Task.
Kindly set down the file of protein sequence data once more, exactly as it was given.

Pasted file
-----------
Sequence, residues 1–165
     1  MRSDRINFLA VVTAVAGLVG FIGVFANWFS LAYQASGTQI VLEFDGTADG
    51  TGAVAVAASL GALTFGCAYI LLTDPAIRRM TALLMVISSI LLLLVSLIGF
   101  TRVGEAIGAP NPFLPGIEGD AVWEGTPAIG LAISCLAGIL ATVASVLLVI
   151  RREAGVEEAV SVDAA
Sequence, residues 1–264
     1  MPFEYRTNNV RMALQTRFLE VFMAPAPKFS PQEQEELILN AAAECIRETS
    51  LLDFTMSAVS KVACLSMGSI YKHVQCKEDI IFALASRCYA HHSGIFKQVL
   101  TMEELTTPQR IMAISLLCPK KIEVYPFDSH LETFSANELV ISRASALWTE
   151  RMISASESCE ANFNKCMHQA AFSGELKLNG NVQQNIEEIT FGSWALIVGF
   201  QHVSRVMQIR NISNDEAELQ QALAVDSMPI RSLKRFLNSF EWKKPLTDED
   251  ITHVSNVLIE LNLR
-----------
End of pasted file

Sequence, residues 1–165
     1  MRSDRINFLA VVTAVAGLVG FIGVFANWFS LAYQASGTQI VLEFDGTADG
    51  TGAVAVAASL GALTFGCAYI LLTDPAIRRM TALLMVISSI LLLLVSLIGF
   101  TRVGEAIGAP NPFLPGIEGD AVWEGTPAIG LAISCLAGIL ATVASVLLVI
   151  RREAGVEEAV SVDAA
Sequence, residues 1–264
     1  MPFEYRTNNV RMALQTRFLE VFMAPAPKFS PQEQEELILN AAAECIRETS
    51  LLDFTMSAVS KVACLSMGSI YKHVQCKEDI IFALASRCYA HHSGIFKQVL
   101  TMEELTTPQR IMAISLLCPK KIEVYPFDSH LETFSANELV ISRASALWTE
   151  RMISASESCE ANFNKCMHQA AFSGELKLNG NVQQNIEEIT FGSWALIVGF
   201  QHVSRVMQIR NISNDEAELQ QALAVDSMPI RSLKRFLNSF EWKKPLTDED
   251  ITHVSNVLIE LNLR